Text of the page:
Amber eyes, olive skin, and wine-colored lips.
"The Saracen: The Holy War" by Robert Shea
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In poetry:

A white dove to his window
With branch of olive sped-
He took a ruler in his hand,
And struck the white dove dead.
"The Dove" by Victor James Daley
We checked our pace, the red road sharply rounding;
We heard the troubled flow
Of the dark olive depths of pines resounding
A thousand feet below.
"The Hawk's Nest" by Francis Bret Harte
But Pancha is twelve, and she is the rose-tree;
And I am the olive, and this is the garden:
And "Pancha" we say, but her name is "Francisca,"
Same like her mother.
"In The Mission Garden" by Francis Bret Harte
God bless you, Olive! Even so
God bless your husband! He, if true
To his sweet trust, to me will grow
Only less dear than you.
But should he hurt his tender charge,
Why, hate is hot where love is large.
"The Human Tragedy ACT I" by Alfred Austin
Our olive-groves thick shade are keeping
For these majestic forms"—they cried.
Oh, then we awoke with sudden start
From our deep dream, and knew, too late,
How bare the rock, how desolate,
Which had received our precious freight:
"Over the Sea our Galleys Went" by Robert Browning
O Garden of Gethsemane! “when pressed and sore afraid,”
May I in spirit enter beneath thine olive shade,
And, great though be my anguish, still, like that God-like One,
Submissive say: “Oh Father! Thy will, not mine, be done!”
"The Garden Of Gethsemane" by Rosanna Eleanor Leprohon

In news:

1?2 cup olive oil 2 Tbsp.
1 1/2 tablespoons extra-virgin olive oil.
1 Tbsp Olive oil 1 small Onion, chopped 1 cup Brown Rice 2-1/2 cups Water 2 Tbsp Cilantro.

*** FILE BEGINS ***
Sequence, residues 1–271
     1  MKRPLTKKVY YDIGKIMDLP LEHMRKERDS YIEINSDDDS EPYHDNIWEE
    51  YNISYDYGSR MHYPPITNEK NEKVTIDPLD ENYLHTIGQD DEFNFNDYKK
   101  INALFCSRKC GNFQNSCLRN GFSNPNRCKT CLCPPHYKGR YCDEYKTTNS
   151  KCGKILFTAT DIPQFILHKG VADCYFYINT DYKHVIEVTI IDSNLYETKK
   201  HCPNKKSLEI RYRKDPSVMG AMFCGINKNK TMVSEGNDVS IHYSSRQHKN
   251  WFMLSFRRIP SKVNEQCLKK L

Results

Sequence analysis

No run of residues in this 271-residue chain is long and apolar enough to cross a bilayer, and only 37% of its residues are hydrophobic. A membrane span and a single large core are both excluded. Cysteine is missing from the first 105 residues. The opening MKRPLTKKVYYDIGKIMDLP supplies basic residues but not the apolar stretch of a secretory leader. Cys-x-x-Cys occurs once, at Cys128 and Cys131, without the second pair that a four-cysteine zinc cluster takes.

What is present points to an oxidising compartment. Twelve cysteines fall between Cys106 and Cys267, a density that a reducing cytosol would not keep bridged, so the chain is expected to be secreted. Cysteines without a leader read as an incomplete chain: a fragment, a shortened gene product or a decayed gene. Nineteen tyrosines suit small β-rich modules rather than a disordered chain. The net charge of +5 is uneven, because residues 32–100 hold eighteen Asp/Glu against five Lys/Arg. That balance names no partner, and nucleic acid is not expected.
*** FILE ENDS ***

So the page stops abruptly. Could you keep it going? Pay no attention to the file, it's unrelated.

Gazette file Western Michigan University east campus entrance at Oliver Street.
An anti-settlement group says Israel is moving forward with plans to build a military college on Jerusalem's Mount of Olives, an area claimed by the Palestinians for a future state and steeped in Jewish and Christian religious lore.
2 tablespoons extra virgin olive oil.
Murray/The Star-Ledger The spring did not go well for Mets pitcher Oliver Perez.
Earney Oliver "Ozzie" Burrow , 89, of Chattanooga, passed away Wednesday, Nov 14, 2012, in a local health care facility.
At the premiere of Oliver Stone's W. Earlier this week, we asked the cast to put their characters on the couch.
In a large saucepan, melt 1 tablespoon of the butter in 1 tablespoon of the olive oil.
RB Oliver probable for Saturday.
In a small saute pan add olive oil and garlic.
This "very mellow," "light" tasting oil has an almost sweet "nuttiness" and a "fruity" scent reminiscent of green olives.
5 Surprising Ideas for Good Olive Oil.
Enlarge Matthew Busch mbusch1@mlive.com Chef Oliver Hale is a two time kidney transplant recipient and a participant in the Transplant Games since 1987, athletic games for those who have received transplants.
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In science:

In Van Santen, J., Sproat, R., Olive, J. & Hirschberg, J. (Eds.), Progress in speech synthesis .
Meta-Learning for Phonemic Annotation of Corpora
Olive, Unitary representations of the Virasoro algebra and super-Virasoro algebras, Commun.
VOAs generated by two conformal vectors whose $\tau$-involutions generate $S_3$
Montonen-Olive duality a theory is expected to be conformal.
Marginal Deformations of N=4 SYM and of its Supersymmetric Orbifold Descendants
Olive, Supersymmetry Algebras That Include Topological Charges, Phys.
Generalized Noncommutative Supersymmetry from a New Gauge Symmetry
But there is one ob jection; (my thanks to Oliver Pooley).
On the Persistence of Homogeneous Matter